Like most old villages and towns there is nearly always a Square or a Green. Tollesbury is no different. At one time there were no less than six public houses facing the square which has now just one. There is still a wealth of cottages that line either side of the Square and still visible is the old ‘Lock-up’. A Lock-Up is a wooden structure that would have held the local drunks and seeing as the town once had six pubs I would guess the Lock-up was constantly full. Tollesbury Lock-Up is by the church wall and is just as it would have been five to six hundred years ago.
Another noteworthy feature is the “Crab and Winkle Line”. An old ‘light’ railway line that consisted of small carriages, that is small in number and not physical size, which was used for carrying both passengers and goods. The trains would have been slow affairs and were not allowed to go over twenty-five miles an hour in the countryside and only ten miles an hour through the villages. The line ran through a small fist full of villages that included Tollesbury, Tolleshunt D’Arcy, Tolleshunt Knights, Tiptree, Inworth, Feering and Kelvedon. The line operated from nineteen hundred and four, being extended at some period to include passing through Tollesbury Pier, up until May nineteen fifty-one.
Although never designed to accommodate office workers, that is precisely what it ended up doing as it gave license for people wishing to travel to London the opportunity to get to there from Liverpool Street. It was also had a patron in John Wilkin, the grandson of famed jam maker Arthur Wilkin and their world renown Wilkins Jams from Tiptree.
I think Americans refer to jam as jelly and jelly as Jell-O. Whatever, if you haven’t tried Wilkins Jams then you should as they are delicious.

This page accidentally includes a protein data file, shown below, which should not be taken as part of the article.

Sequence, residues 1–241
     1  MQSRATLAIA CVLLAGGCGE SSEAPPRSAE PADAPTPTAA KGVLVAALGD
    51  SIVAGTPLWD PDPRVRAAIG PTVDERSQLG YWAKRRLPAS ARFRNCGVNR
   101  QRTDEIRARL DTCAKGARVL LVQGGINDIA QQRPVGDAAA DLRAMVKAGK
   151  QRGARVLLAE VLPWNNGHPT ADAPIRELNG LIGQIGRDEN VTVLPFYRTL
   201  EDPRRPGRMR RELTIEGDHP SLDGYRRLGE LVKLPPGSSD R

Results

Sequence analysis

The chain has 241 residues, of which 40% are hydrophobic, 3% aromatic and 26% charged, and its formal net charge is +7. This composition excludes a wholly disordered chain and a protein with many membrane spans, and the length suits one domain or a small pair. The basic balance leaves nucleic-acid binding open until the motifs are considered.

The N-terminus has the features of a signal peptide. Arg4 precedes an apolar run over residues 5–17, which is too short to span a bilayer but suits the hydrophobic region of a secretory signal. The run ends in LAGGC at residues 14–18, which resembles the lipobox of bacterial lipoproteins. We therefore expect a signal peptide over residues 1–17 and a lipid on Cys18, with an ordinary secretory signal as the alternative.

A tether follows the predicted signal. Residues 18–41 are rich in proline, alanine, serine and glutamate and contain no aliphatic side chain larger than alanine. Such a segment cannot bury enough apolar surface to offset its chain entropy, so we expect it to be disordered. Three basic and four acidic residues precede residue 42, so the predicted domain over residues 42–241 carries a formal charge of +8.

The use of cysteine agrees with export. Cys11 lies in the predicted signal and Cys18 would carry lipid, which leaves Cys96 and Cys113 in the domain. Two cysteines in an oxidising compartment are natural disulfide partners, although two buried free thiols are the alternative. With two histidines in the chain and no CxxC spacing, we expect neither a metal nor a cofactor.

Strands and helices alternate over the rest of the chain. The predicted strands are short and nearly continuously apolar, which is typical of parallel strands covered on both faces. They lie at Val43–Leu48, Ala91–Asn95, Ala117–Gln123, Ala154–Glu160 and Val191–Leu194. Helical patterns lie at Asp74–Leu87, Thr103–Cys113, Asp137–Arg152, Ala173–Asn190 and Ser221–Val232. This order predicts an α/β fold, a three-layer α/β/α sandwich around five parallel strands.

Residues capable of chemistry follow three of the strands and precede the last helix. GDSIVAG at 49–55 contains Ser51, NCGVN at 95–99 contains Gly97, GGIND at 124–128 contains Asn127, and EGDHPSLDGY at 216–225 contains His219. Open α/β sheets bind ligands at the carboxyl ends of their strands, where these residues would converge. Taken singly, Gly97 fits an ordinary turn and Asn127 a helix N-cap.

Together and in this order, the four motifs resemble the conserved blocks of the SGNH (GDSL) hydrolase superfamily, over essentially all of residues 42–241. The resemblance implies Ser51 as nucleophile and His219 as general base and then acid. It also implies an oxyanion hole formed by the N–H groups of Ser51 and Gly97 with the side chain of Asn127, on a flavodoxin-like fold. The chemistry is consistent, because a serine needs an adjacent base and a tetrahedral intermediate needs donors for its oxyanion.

3. The Hundred Moot
Throughout England, there are often found references to what is known as a “Hundred’. It is an expression that has remained with us for many hundreds of years if not longer and possibly owes its origins to having either a hundred soldiers at your call or perhaps having a hundred members of a family gathered in close proximity. Not far from where I live is the Rochford Hundred and here too, close to Tollesbury is the Thurstable Hundred. A meeting of the Hundred is called the Hundred Moot which may sound familiar to readers of Tolkien’s Lord of the Rings and the Ent Moot. In plain English, it means a meeting of the Hundred.
These Hundreds would each have their own court which in turn had its own powers, This archaic form of rural government was abolished in eighteen sixty-seven by the County Court Act of Parliament.
But the name remains and the history that goes with it is as old and twisted as ancient tree roots.
4. Days of the Week
As you may or may not know, Saturday is the Sabbath and not Sunday but when the Roman’s turned to Christianity they found it hard to give up all their beliefs and, therefore, kept Sunday as their day of rest. The name Sunday, as the name implies, is in recognition of their worship of the Sun. Sun Day celebrates Ra, Helios, Apollo, Ogmios, Mithras and the sun goddess, Phoebe.
As Sunday is the first day of the week it only makes sense that the second day of the week should be Monday or Moon Day. The word comes from Latin Lunae Dies or day of the moon.
Tuesday was Dies Martis which is the day of Mars and is associated with Aries. Originally it would have been Tiw’s day which comes from Tyr or Tir the son of Odin.
The fourth day of the week Wednesday is derived from two possible sources. The Roman Dies Mercurii and the Scandinavian Woden or Odin who was the King of Norse Gods.
My favourite day of the week naturally enough is the one I was born on, Thors Day. Thors was the god of thunder and lightning and is the counterpart to the Greek and Roman gods Jupiter and Jove.
Friday is named after Odin’s wife, Frigga who is said to be the mother of all as her name means loving or beloved.
And finally, Saturday, the seventh day of the week whose corresponding god is Saturn; the Romans called the day Dies Saturni.
all words and art are copyright © of C.J. Duffy.